For nonbelievers like me, one of the most irritating aspects of the US tax system is the tax-exemption given to churches under the section of the code known as 501(c)(3) that is meant to provide tax relief for organizations that improve the general welfare. This topic has been discussed before in the context of whether churches that overtly take political stands should continue to receive that benefit and I concluded that it was unlikely that the IRS or the courts would eliminate it.
I for one think that the tax exemptions given to charities has been abused so much that we would do well to consider eliminating it altogether for all groups, religious and non-religious.
But there is one form of special treatment for churches that seems to me to be completely unjustified even under current law. As Jonathan Turley says, “While tax-exempt 501(c)(3) nonprofit organizations must file a detailed application form, fee and annual information to obtain and maintain their tax-exempt status, churches and other religious organizations are exempted from the requirement to file the reports and fees.”
I am glad to see that the Freedom From Religion Foundation (FFRF) has challenged this practice and filed a suit against the IRS, saying that this unequal treatment imposes an unfair burden on those groups that are not churches, since these requirements are “detailed, intrusive, and expensive”. The lawsuit against the IRS was filed in Wisconsin where FFRF is based and the plaint can be read here.
In reading it, I found the answer to something that had puzzled me for a long time. The plaint says that all 501(c)(3) organizations other than churches have to annually file IRS Form 990 that requires them to provide detailed information on things such as:
- composition of governing body
- management policies
- lists of officers, directors, trustees, and key employees,
- compensation paid by the organization to such persons
- the organization’s mission, activities, and current and prior years’ financial results
- reports of revenue and expenses
- financial schedules, including information about donations and whether donations are spent on programs or management and fundraising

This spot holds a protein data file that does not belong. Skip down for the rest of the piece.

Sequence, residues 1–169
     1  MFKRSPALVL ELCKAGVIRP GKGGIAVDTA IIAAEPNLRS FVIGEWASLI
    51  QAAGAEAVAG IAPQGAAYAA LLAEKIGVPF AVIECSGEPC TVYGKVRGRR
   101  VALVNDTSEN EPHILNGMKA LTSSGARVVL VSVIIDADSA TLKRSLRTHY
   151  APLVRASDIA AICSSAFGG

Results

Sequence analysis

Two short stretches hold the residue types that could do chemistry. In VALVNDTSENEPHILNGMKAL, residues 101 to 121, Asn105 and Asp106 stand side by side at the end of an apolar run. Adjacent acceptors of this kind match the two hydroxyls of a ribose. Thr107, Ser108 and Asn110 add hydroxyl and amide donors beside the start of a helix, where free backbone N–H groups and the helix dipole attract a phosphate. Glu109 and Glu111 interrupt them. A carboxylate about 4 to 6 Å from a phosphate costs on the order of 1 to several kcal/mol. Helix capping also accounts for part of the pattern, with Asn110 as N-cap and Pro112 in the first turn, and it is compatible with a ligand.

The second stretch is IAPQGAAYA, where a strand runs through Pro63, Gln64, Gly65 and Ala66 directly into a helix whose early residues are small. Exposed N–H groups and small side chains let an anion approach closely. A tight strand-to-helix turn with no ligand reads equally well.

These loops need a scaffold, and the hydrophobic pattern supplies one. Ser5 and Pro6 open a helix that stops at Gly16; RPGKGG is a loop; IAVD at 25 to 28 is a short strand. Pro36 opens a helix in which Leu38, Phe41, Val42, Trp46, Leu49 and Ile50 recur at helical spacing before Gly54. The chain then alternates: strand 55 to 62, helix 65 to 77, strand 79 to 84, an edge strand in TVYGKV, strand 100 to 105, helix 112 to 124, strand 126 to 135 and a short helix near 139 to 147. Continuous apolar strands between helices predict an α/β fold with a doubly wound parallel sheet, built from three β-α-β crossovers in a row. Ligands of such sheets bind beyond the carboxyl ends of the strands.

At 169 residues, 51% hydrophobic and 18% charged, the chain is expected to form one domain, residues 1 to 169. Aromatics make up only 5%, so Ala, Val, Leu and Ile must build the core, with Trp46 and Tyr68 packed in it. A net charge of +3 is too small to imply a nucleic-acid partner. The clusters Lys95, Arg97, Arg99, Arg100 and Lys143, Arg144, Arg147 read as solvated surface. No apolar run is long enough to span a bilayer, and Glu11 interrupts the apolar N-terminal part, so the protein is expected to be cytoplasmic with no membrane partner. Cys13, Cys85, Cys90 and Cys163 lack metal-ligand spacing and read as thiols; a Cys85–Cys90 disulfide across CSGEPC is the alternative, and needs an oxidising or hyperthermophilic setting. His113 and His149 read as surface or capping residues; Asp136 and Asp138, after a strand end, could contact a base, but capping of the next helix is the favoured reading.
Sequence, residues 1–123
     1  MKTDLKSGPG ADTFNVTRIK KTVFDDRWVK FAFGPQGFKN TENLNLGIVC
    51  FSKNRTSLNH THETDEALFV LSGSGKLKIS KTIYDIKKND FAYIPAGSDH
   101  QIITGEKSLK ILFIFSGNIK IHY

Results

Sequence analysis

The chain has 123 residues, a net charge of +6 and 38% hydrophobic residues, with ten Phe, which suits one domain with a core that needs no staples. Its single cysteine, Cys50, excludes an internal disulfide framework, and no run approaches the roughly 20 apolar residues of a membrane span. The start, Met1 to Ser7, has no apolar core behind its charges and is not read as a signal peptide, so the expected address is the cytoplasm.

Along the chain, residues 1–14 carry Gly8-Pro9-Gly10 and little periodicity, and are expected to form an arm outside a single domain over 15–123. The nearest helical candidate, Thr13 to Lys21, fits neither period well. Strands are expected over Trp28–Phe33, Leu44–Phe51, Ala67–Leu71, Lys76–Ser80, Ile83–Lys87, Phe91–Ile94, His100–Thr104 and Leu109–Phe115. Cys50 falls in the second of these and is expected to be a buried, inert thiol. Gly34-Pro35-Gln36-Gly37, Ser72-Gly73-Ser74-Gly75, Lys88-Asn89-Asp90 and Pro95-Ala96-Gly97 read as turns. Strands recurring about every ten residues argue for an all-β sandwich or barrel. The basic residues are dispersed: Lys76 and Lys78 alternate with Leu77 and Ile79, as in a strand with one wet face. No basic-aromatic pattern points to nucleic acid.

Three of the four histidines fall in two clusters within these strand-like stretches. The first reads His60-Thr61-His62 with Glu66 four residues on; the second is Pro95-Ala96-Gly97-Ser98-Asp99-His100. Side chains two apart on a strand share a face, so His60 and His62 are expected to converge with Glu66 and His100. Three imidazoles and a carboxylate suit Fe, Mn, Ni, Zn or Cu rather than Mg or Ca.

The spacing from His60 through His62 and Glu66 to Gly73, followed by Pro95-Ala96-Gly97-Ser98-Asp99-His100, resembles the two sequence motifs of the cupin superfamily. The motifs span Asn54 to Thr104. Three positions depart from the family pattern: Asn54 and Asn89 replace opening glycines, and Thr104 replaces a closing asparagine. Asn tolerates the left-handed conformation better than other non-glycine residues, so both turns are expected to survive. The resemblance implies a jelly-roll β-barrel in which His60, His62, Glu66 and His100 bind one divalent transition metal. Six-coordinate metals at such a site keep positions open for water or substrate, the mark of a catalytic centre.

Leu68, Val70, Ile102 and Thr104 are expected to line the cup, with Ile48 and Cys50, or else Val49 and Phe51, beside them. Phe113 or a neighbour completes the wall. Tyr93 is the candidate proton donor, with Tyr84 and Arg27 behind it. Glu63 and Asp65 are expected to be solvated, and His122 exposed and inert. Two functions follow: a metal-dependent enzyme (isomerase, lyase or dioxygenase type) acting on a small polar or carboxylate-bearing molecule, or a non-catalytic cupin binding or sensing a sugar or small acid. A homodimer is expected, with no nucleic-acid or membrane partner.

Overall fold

- statements of revenue and functional expenses, as well as organizational balance sheets, comprising the financial statements of the organization
The puzzle this solved was that we all know that many so-called church leaders seem to live high on the hog from the money they get from their often poor parishioners, having a luxurious lifestyle that seemingly depends on them being able to easily divert money given to the church for their own personal use, effectively treating the church’s funds as if it were their personal account. How could they get away with this if they were a charity and thus eligible to get a tax benefit? Other charities face scrutiny from outsiders and indeed there are organizations that monitor charities and rank them according to what percent of donations actually go towards the mission of the charity and how much goes for fundraising and administrative costs. This is because Form 990 is required to be made publicly available.
It is now clear why churches seem to abuse the system with impunity. Because they do not have to file the annual Form 990, their financial books are opaque to outsiders and thus create opportunities for easy abuse and fraud. This is an absolute scandal and there is absolutely no justification for this kind of differential treatment of organizations that are under the same 501(c)(3) umbrella. I hope the lawsuit brought by the FFRF exposes this. As they say in their plaint, these “church exemptions from the application and annual information filing requirements of §501(c)(3) violate the Establishment Clause and the equal protection rights mandated by the Due Process Clause of the Fifth Amendment to the United States Constitution.”
You can be sure that churches, even those that do not have such flagrant abuses and think that some other churches are nothing more than scams to separate the pious from their money, will fight this all the way to the US Supreme Court because they would not want to have their traditional privileges taken away. The question is whether the courts will rule that requiring churches to file Form 990 violates the ‘entanglement prong’ of the Lemon test that is frequently used by them in adjudicating Establishment Clause cases (especially with respect to financial matters) and thus rule that it is unconstitutional. The entanglement prong says that the government is prohibited from taking any action that might result in it getting excessively entangled with religion, similar to the argument the US Supreme Court made in 1970 in Walz v. Tax Commission of the City of New York, when they ruled that granting property tax exemptions to churches did not violate the establishment clause.
This will be a very interesting case to watch and one that, on the merits, FFRF should win in my opinion. It does not seem to be an entanglement problem since all it would require is that churches file a form that is made publicly available. However due to the traditional reluctance of courts to interfere with the long-standing financial privileges that churches enjoy, they may find a way to punt and leave things as they are, while making vague disapproving noises.